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September 7, 2021

A Definitive Answer to the Effect of Screen Time on Concussion Recovery

Author Affiliations
  • 1Seattle Children’s Research Institute, Seattle, Washington
  • 2Department of Pediatrics, University of Washington, Seattle
JAMA Pediatr. 2021;175(11):1105-1107. doi:10.1001/jamapediatrics.2021.2779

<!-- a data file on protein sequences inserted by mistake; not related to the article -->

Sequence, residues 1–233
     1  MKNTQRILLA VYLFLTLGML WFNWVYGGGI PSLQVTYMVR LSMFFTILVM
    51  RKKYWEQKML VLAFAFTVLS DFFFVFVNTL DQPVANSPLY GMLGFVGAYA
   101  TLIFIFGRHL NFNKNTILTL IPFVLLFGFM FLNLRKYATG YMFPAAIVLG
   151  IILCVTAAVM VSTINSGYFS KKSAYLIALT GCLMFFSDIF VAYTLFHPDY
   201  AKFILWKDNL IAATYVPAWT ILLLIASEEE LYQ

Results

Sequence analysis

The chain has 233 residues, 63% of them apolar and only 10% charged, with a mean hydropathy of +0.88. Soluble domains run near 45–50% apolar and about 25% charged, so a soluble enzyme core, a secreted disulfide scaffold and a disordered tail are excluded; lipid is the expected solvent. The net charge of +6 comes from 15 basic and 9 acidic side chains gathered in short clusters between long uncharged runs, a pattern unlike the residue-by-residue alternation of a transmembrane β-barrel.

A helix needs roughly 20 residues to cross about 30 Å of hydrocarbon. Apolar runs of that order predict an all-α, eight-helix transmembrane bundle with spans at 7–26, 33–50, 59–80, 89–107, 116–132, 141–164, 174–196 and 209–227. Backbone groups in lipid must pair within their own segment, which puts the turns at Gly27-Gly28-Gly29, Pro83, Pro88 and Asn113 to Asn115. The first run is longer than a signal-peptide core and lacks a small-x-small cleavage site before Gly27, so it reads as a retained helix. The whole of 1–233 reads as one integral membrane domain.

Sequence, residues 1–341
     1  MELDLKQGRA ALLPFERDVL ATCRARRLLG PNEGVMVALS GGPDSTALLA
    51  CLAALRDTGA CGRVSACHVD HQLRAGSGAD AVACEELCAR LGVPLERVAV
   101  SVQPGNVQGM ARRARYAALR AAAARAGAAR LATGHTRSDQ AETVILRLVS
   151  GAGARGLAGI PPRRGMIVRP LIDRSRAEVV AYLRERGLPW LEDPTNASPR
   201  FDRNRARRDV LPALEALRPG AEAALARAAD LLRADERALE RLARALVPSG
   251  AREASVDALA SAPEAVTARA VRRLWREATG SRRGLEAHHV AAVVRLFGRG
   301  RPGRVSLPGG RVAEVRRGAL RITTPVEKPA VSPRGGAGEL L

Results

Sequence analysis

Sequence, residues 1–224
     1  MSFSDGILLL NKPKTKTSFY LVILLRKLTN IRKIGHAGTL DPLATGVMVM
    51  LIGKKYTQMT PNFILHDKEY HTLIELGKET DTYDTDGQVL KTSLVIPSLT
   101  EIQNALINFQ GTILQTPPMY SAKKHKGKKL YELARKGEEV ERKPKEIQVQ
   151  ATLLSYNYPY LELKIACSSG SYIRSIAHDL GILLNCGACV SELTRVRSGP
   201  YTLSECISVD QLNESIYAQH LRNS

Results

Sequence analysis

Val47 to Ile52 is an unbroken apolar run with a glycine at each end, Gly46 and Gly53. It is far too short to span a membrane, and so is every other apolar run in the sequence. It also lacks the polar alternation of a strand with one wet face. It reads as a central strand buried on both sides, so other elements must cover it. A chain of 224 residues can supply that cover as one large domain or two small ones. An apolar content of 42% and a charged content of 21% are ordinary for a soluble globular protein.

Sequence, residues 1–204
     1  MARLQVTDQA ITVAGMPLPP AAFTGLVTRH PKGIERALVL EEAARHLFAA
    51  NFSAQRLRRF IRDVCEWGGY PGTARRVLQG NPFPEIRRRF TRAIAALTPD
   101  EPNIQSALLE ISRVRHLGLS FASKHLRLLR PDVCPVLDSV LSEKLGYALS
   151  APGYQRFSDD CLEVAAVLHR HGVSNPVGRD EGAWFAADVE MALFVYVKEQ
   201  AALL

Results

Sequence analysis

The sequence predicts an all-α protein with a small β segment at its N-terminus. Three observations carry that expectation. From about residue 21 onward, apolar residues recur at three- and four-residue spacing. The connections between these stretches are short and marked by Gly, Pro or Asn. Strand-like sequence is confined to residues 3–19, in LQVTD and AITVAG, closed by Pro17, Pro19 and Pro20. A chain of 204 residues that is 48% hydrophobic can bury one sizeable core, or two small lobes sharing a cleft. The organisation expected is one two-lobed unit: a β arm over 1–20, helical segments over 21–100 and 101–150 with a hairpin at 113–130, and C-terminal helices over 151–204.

The issue of screen time in concussion management has been debated for more than 2 decades, camouflaged in guidelines regarding cognitive rest and lacking specifics regarding the extent to which screen time should be limited and the duration of these limitations.1 The most common guidelines for concussion management published by the Concussion in Sport Group in 2017 do not mention the word screen and acknowledge the lack of evidence for any form of cognitive rest, stating, “The basis for recommending physical and cognitive rest is that rest may ease discomfort during the acute recovery period by mitigating post-concussion symptoms and/or that rest may promote recovery by minimizing brain energy demands post-concussion. There is currently insufficient evidence that prescribing complete rest achieves these objectives.”2(p842) Even the most recent pediatric guidelines, based on the consensus of experts and supported by funding from the Centers for Disease Control and Prevention, do not explicitly mention limiting screen time, likely because of the lack of substantial research addressing screen use among youths with concussion.3

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